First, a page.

G-SPOT

That road to hell and all the good intentions that paved it

Personal and social recollections on good deeds getting the opposite of rewards

In Summary

• Some well-meaning deeds yield results that are more punishment than reward

A client counts money after withdrawing from a bank
A client counts money after withdrawing from a bank
Image: FILE

I read somewhere recently that "small, seemingly harmless acts — even made with good intentions — can sometimes have negative repercussions".

It reminded me of the paving that is allegedly used to pave the road to Hades.

It got me thinking about the things I've done, meaning well by them but with results that were more punishment than reward.

Like the time I got swept up in the spirit of generosity and very generously contributed money to a harambee for a relative who was leaving for university in the US.

Before I go on, I must explain that I was aged 14 or 15 and had not yet begun to earn money. I had in fact gone shopping for school stationery and had some change, which I briefly forgot belonged to my father. 

On the way home, actually it was quite a detour even though I was still in the greater Westlands area, I stopped by one of my aunts and heard about the fundraiser later that evening. Patting my pockets, I discovered some cash and without a second thought, handed it over as my contribution. 

It wasn't until I was nearly home, having gone from Chiromo campus to Westlands and back to Chiromo via Church Road mainly on foot  (I was 15 and ran everywhere, I wish I still could), that it hit me. I had been generous with cash that wasn't mine. Much like our political leaders, actually. 

Not wanting to look foolish at home when I told the tale and also not wanting to piss off my dad, I dashed back to Church Road, told my aunt what had happened and reclaimed my change. My aunts thought it was hilarious, and I don't think I ever told the old guy, or I might not have lived to tell the tale.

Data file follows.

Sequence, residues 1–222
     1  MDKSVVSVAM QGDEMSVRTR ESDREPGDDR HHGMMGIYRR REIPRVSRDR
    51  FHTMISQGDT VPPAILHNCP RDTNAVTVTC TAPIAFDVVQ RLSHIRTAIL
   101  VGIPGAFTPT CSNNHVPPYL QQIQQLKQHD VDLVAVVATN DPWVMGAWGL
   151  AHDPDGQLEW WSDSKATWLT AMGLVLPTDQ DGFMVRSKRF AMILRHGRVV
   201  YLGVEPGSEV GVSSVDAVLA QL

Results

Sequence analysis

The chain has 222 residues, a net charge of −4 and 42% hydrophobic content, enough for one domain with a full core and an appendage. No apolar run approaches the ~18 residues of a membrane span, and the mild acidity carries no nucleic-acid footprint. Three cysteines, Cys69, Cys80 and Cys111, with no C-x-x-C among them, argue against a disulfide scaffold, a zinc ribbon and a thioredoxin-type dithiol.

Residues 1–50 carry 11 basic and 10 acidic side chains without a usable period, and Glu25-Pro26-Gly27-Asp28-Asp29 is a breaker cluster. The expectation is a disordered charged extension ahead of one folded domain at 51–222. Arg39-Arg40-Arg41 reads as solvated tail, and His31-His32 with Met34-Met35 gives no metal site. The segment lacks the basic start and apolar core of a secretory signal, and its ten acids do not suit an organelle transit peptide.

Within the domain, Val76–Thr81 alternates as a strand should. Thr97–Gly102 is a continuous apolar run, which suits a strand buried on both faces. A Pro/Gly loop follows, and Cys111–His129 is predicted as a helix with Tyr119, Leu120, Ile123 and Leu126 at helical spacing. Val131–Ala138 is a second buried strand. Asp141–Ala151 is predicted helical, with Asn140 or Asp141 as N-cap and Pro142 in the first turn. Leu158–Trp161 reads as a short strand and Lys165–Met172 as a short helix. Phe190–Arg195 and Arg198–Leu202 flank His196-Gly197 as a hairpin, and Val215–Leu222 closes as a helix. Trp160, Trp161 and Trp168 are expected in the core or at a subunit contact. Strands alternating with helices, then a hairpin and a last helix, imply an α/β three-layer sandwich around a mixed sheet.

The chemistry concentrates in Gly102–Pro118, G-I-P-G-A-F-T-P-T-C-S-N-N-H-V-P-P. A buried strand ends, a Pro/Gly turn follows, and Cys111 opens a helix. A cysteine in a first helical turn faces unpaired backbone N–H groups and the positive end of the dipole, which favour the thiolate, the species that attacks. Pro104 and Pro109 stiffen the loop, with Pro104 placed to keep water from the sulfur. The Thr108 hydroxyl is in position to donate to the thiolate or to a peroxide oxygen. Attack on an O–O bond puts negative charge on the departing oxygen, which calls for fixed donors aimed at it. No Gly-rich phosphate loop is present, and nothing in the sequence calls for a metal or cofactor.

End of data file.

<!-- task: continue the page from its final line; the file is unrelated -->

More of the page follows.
I think the pastor or vicar — or whatever Methodists call their priests of the Central Methodist Mission in Cape Town — might have rued the day when, four months ago, moved by compassion, love for his fellow human being and overflowing with ubuntu, he offered his CBD church to a couple of hundred refugees who had fled their townships as a result of xenophobic attacks.

He must have thought it would be temporary, but four months later, it looks like a never-ending siege. Parishioners have had to attend Sunday services elsewhere and in the church. A seething mass of humanity has taken up residence on the pews, in the aisles, on the altar, in the sacristy, in the belfry and every available nook and cranny. 

Like the story of the man who let his camel into the tent, the poor man finds himself on the outside looking in and quite impotent to do a darn thing.

The refugees refuse to be reintegrated as the authorities here would like, for fear of being attacked. They obviously can't return to their own country and no third country is interested. 

The authorities have enough trouble housing their own people and so can't in good consciousness give refugees first. If you ever needed to illustrate impasse or checkmate, this would have been perfect. And add all because someone genuinely tried to do a good thing.